• Quote:
3. School scholarships. I don't think I'd qualify for any of those, because I'm not a minority, or in a lower socioeconomic status, or anything else. And I probably don't have much merit to go on!

Probably not, but you might qualify for some if you enroll as a regular undergrad.

So - there are multiple options out there. I had one friend choose the private loan route, another choose the undergrad route and I went the non-degree student route. If you visit the financial aid office at a local school, they should be able to give you some idea of how much you will be able to borrow in federal loans. It might even be on a website somewhere.

Hope that gives you somewhere to start. Good luck.


I would recommend that you find a post-bac curriculum that suits both your financial and academic needs. I initially was going to attend Columbia University’s post-bac program because I was under the illusion that it would be a “better” program. But upon speaking with the admissions people, I realized that a more economical option was to take courses as a non-degree student at City College, which has a strong science curriculum for 1/5th of the cost! I figured I’ll have my entire life to accumulate debt…

With that said, there are options for federal and private aid. Some schools offer private aid, and as a post-bac student you are eligible for $5000 of subsidized and $5500 unsubsidized government loans.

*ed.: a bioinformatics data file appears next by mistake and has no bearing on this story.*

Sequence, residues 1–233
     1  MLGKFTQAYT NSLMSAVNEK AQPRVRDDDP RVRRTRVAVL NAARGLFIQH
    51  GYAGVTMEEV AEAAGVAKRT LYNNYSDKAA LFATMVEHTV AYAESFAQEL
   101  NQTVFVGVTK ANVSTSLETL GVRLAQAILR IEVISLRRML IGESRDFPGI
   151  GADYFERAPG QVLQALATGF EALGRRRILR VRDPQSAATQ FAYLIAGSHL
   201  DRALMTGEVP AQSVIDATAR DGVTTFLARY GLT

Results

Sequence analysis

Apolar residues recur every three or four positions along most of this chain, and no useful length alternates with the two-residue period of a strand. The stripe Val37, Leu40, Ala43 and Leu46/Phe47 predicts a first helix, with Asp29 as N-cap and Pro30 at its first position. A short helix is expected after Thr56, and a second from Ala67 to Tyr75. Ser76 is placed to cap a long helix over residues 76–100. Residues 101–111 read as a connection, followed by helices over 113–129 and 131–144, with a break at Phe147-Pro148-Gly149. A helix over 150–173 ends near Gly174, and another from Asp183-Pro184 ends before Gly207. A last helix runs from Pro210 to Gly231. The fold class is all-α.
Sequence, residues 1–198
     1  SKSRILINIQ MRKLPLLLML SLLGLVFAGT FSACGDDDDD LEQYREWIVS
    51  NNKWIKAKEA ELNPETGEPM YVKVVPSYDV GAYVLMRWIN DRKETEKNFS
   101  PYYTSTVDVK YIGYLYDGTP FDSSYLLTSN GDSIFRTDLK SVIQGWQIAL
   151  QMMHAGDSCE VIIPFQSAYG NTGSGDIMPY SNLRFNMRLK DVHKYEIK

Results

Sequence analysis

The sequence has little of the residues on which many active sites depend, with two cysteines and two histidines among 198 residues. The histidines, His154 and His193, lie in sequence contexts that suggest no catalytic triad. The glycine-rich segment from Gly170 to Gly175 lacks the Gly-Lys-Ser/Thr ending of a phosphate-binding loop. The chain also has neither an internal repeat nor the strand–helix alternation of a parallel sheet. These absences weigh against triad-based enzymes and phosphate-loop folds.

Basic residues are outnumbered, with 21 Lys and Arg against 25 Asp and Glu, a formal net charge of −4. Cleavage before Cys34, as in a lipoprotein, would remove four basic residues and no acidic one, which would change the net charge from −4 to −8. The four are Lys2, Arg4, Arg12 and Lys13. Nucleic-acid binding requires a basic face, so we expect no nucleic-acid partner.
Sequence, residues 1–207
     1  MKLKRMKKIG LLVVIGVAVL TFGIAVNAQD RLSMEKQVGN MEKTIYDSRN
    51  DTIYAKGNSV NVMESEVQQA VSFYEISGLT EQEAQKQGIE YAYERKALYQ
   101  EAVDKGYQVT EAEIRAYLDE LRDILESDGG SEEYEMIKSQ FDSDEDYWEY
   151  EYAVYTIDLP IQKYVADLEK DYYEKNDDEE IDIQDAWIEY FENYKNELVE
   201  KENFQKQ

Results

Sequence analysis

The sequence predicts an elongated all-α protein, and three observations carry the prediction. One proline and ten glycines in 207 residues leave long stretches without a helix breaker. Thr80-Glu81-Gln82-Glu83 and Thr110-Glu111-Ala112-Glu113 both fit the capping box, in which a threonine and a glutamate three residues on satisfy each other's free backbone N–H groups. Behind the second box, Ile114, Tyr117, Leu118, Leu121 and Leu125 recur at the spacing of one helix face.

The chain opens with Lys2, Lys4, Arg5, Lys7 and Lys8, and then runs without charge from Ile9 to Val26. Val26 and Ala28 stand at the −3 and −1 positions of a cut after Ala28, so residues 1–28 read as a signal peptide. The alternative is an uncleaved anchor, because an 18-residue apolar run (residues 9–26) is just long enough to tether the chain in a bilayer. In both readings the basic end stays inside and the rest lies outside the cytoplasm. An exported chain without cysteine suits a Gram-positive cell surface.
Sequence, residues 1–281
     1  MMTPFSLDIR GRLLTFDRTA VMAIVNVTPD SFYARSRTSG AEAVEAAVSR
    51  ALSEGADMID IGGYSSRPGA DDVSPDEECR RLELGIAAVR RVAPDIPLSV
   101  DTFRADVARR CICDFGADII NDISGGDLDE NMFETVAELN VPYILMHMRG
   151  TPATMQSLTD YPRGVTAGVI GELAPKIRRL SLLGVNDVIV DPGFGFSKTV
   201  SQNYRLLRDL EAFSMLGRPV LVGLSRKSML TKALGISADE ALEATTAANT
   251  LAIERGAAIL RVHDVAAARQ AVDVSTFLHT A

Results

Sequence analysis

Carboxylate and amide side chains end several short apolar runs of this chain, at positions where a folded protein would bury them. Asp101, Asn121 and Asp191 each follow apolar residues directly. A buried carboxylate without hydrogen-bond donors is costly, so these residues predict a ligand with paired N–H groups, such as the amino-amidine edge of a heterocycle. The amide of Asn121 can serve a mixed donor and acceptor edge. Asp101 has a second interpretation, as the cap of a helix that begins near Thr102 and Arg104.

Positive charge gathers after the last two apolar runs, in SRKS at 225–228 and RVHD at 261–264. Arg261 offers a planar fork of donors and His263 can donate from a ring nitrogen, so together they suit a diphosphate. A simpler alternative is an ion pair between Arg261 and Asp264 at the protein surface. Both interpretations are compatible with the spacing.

Keep in mind that, although physicians do not get paid ultra-glamorous salaries nowadays, with some creative budgeting you can definitely pay back your debt in time. Education loans are the cheapest debt that you will likely acquire, and it is “good debt” in that it is taken on in order to progress your life in a positive way.

Be smart, but don’t be myopic – your post-bac year is an INVESTMENT, not a liability. Explore your state residency options – in-state is considerably cheaper than out of state.

Best of luck!

These are really awesome replies! Really helpful, I’m goonna have to print these out and make notes on them. (Not to mention really fast too!) Thanks so much everyone.

Another sorta related question I was thinking about, although maybe it’s coming more out of my current enthusiasm than seriously thinking it through, do you think it might be worth moving out of state for a post-bacc?